The Parent Geeks found the game to be entertaining with their children, but not a great deal of fun with just their peers. According to one Parent Geek, “An easy enough game to play, but it just never felt all that exciting, nor was I ever that interested.” Since players are not penalized for taking the Red Button card or not picking any card, each round became an exercise in just waiting until the last possible moment to select the right Crossing card. If they didn’t, no big deal. If they did, they got points. This was repeated each round and the Parent Geeks began to lose interest. As one Parent Geek put it, “This is a game that only feels like fun if you artificially stress yourself out about picking a card each time for points. I wish you were penalized for not picking a card, but slightly less so then when you picked an unsafe card. That would make it more interesting.” The Parent Geeks ended up giving Rooster Rush a mixed endorsement.

The Gamer Geeks were not digging this game whatsoever. According to one Gamer Geek, “There isn’t much to this game to begin with when you take it out of the box and there is even less about the game to get excited about when you play it.” Another Gamer Geek said, “A good game for the kids, but as an adult, this game bores me to death. There is nothing rushing here except my hopes that the game will end quickly.” Pretty harsh stuff and the Gamer Geeks didn’t stop there. Rooster Rush felt too formulaic, with little to no real interesting game play or difficulty from the point of view of the gaming elitists. They played it a few times, thanked me for introducing it to them, and then quickly put Rooster Rush way off to the side where it could no longer be seen.

Rooster Rush is a very simple game. Its charm lies in the simultaneous game play action. And that’s about it. Even the Child Geeks got a bit bored with it before their game was even over. The game never reaches a point where the players are feeling pressured, fraught with important decisions, or forced to push the limits. In short, there is little to the game that makes the player want to play it. At least, that was the observation of the majority of our players who sat down with it.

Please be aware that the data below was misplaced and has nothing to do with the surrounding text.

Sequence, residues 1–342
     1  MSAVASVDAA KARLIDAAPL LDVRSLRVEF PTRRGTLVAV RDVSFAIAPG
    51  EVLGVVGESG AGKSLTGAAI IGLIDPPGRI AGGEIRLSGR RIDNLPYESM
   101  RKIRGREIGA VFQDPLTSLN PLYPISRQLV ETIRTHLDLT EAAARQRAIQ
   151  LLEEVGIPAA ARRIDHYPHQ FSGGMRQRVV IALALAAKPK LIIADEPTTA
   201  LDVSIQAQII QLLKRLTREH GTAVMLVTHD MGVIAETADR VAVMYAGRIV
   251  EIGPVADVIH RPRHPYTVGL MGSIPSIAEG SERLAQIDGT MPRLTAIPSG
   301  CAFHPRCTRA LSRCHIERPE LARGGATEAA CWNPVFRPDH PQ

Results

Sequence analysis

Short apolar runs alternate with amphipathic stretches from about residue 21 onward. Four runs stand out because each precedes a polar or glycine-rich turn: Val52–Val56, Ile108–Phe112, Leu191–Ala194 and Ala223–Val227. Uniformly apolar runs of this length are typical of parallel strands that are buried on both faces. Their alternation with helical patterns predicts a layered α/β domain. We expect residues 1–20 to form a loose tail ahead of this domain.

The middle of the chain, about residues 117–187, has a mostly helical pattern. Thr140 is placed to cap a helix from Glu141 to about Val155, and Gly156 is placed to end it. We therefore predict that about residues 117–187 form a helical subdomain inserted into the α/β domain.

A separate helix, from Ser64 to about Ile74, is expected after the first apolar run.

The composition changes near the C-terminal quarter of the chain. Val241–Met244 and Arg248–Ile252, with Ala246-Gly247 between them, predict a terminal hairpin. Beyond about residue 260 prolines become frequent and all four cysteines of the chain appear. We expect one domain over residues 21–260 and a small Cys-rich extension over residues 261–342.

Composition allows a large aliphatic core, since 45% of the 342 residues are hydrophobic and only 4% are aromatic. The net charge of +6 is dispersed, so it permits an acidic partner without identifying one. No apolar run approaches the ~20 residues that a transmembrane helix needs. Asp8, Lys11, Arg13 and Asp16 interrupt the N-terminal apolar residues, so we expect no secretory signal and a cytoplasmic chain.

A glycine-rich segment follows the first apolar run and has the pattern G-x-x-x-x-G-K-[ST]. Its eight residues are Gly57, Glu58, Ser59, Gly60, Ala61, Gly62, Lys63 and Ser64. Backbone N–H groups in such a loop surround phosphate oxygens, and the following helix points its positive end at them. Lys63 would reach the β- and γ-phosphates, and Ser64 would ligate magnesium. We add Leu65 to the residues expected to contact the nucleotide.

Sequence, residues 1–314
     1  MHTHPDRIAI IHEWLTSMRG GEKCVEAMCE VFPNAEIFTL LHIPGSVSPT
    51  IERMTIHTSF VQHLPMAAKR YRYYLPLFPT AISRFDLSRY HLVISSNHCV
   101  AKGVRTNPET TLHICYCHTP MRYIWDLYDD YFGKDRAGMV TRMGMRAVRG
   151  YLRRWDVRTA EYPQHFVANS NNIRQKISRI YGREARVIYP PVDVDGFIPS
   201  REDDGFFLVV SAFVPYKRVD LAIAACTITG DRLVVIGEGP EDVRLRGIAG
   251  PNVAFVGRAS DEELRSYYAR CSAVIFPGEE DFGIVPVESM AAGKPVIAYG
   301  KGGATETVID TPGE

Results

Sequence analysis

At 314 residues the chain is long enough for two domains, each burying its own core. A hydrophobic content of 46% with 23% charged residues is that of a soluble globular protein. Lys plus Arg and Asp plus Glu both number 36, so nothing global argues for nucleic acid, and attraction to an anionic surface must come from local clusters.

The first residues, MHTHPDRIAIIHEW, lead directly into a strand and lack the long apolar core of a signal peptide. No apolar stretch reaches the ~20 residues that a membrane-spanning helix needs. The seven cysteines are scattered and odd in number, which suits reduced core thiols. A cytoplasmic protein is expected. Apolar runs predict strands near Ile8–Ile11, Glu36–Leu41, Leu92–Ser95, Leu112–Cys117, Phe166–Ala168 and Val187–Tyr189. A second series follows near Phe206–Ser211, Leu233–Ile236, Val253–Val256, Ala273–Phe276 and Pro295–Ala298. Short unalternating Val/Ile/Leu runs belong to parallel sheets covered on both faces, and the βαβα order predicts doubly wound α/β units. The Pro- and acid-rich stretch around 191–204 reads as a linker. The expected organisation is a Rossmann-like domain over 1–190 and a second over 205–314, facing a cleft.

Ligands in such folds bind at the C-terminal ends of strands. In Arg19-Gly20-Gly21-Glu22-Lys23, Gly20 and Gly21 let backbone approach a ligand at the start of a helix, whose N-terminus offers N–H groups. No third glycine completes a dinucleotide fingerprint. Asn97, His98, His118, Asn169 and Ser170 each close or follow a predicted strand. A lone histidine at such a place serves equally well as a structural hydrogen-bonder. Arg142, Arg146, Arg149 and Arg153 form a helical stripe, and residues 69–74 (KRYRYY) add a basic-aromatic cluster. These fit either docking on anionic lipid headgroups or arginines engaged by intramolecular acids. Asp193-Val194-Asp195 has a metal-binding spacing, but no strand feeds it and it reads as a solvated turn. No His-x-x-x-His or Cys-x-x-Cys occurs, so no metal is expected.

I found the game to be unremarkable and forgettable, but don’t tell the youngest Child Geeks I said that. They love the game. Clearly, Rooster Rush is best for the Child Geeks who are still learning the in’s and out’s of game play. There are no real tactics to speak of, the only strategy is to collect cards without getting out, and trying to guess (or not) before everyone else. Very straight forward and easy to grasp for the inexperienced and a whole lot of nothing for those who are. Give the game a try if you think you have the right audience for it. As for me, I now know why the chicken crossed the road. It wanted to go play another game.

This game was given to Father Geek as a review copy. Father Geek was not paid, bribed, wined, dined, or threatened in vain hopes of influencing this review. Such is the statuesque and legendary integrity of Father Geek.

About Cyrus

Editor in Chief, Owner/Operator, Board Game Fanatic, Father of Three, and Nice Guy, Cyrus has always enjoyed board, card, miniature, role playing, and video games, but didn't get back into the hobby seriously until early 2000. Once he did, however, he was hooked. He now plays board games with anyone and everyone he can, but enjoys playing with his children the most. Video games continue to be of real interest, but not as much as dice and little miniatures. As he carefully navigates the ins and outs of parenting, he does his very best to bestow what wisdom he has and help nurture his children's young minds. It is his hope and ambition to raise three strong, honorable men who will one day go on to do great things and buy their Mom and Dad a lobster dinner. Cyrus goes by the handle fathergeek on Board Game Geek. You can also check him out on CyrusKirby.com. Yes, he has a URL that is his name. His ego knows no bounds, apparently....